He is, Andrews says.
“Wow, you have a tough row to hoe.”
“You’ll have a clear choice,” Andrews says.
For several hours almost every day since January, this has been Andrews’s routine — and the core of his grass-roots campaign for Montgomery County executive. By his count, he’s approached about 13,000 doorsteps to make his pitch, enduring bad weather, yapping dogs and residents who wonder if he’s handing out religious tracts. He hopes to reach 30,000 doors before the June Democratic primary.
He figures to be heavily outspent by the two big dogs in the race, Leggett, the two-term incumbent, and Doug Duncan, who held the job for the 12 preceding years. That fundraising gap will be widened by Andrews’s career-long policy of refusing campaign contributions from political action committees and real estate developers.
The next financial report isn’t due until early 2014, but the most recent filing, in January, showed Leggett with $418,815 cash on hand from past campaigns, and Duncan with $243,314. Andrews had $53,255, a balance that he said is now up to about $100,000.
Andrews said he’s hiring a campaign manager but that the rest of his organization is strictly volunteer. There will be no pollster, no media consultant and all direct mail will be designed by his wife, Staci, a graphic artist.
Andrews said he believes he can win with relentless personal outreach and the word-of-mouth it generates. It’s the same strategy that helped him oust incumbent William Hanna for the District 3 County Council seat he’s held since 1998. Andrews also likes to point out that Leggett was outspent by fellow council member Steve Silverman in the 2006 executive’s race.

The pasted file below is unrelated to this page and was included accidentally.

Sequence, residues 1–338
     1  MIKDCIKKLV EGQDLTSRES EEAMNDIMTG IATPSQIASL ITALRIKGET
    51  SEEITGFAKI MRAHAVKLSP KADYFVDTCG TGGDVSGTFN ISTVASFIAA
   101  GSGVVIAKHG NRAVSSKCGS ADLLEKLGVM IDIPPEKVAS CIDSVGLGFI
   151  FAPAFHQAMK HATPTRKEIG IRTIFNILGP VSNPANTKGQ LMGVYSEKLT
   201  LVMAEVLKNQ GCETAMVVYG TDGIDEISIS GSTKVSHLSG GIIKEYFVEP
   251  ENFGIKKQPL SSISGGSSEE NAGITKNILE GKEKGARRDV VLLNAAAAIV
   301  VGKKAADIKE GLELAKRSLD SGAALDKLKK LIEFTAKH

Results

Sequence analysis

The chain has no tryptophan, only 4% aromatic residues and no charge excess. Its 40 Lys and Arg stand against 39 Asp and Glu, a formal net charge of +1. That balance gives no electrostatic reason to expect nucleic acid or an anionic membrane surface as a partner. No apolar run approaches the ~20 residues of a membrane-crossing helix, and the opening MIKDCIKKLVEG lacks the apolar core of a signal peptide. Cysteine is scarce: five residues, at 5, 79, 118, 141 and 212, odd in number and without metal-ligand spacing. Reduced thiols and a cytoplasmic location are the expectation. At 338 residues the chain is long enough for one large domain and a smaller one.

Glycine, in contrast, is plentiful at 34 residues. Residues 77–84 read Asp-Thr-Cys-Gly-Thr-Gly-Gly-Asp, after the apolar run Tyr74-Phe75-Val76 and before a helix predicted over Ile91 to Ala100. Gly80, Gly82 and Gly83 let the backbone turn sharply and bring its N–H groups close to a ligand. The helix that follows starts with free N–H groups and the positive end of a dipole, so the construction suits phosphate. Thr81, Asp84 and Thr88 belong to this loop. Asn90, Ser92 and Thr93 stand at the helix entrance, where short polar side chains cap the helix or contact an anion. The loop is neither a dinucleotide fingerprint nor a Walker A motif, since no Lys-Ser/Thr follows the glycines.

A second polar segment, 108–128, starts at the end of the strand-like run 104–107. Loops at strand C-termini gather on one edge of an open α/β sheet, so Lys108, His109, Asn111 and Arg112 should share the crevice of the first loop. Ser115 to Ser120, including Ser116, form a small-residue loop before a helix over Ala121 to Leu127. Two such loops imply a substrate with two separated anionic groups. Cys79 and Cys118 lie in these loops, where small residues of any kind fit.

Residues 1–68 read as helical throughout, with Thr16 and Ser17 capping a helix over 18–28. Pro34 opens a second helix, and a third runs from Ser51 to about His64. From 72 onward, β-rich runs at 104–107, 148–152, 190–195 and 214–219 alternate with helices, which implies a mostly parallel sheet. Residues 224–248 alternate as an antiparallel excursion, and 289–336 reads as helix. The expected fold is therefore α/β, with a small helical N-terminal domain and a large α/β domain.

“People talk to other people,” said Andrews, who is a youthful 54 with Boy Scout manners and has a more-than-passing resemblance to NBC Nightly News anchor Brian Williams. “And what influences people about local elections is what they hear directly from the candidates or from people they trust.”
Andrews’s message is a socially liberal, fiscally conservative mix of reformism, with a legislative record that includes leading or collaborating in the effort for smoke-free restaurants, a “living wage” that pays employees of county contractors above the legal minimum, tighter regulation of the disability retirement system and opposition to labor contracts, negotiated by Duncan and Leggett, that provided salary increases he regarded as excessive and unsustainable.
That last stance in particular has antagonized a key Democratic constituency — the county’s public employee unions, which have tried without success to unseat him.
Andrews is betting that after 20 consecutive years of Duncan and Leggett, there is a significant constituency for change. In his fourth council term, he hardly qualifies as a fresh face. But he promises a new agenda, including a more aggressive posture with Annapolis on reclaiming the county’s share of tax dollars, coupled with tax relief to help make the county more affordable for residents and attractive to business.